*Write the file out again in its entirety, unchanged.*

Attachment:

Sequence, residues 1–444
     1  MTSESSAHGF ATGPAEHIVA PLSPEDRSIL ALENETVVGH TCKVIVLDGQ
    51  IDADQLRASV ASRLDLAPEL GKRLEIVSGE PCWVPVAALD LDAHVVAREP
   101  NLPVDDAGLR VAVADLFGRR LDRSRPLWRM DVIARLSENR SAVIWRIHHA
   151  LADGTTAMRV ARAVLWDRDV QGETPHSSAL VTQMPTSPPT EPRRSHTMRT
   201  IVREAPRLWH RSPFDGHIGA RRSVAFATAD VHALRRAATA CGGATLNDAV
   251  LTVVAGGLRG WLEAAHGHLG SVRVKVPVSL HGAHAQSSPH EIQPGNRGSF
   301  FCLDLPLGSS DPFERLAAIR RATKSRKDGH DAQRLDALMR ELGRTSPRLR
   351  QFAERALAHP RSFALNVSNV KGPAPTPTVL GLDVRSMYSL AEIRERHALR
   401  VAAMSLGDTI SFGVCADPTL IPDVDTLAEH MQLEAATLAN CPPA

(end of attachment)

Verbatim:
Sequence, residues 1–444
     1  MTSESSAHGF ATGPAEHIVA PLSPEDRSIL ALENETVVGH TCKVIVLDGQ
    51  IDADQLRASV ASRLDLAPEL GKRLEIVSGE PCWVPVAALD LDAHVVAREP
   101  NLPVDDAGLR VAVADLFGRR LDRSRPLWRM DVIARLSENR SAVIWRIHHA
   151  LADGTTAMRV ARAVLWDRDV QGETPHSSAL VTQMPTSPPT EPRRSHTMRT
   201  IVREAPRLWH RSPFDGHIGA RRSVAFATAD VHALRRAATA CGGATLNDAV
   251  LTVVAGGLRG WLEAAHGHLG SVRVKVPVSL HGAHAQSSPH EIQPGNRGSF
   301  FCLDLPLGSS DPFERLAAIR RATKSRKDGH DAQRLDALMR ELGRTSPRLR
   351  QFAERALAHP RSFALNVSNV KGPAPTPTVL GLDVRSMYSL AEIRERHALR
   401  VAAMSLGDTI SFGVCADPTL IPDVDTLAEH MQLEAATLAN CPPA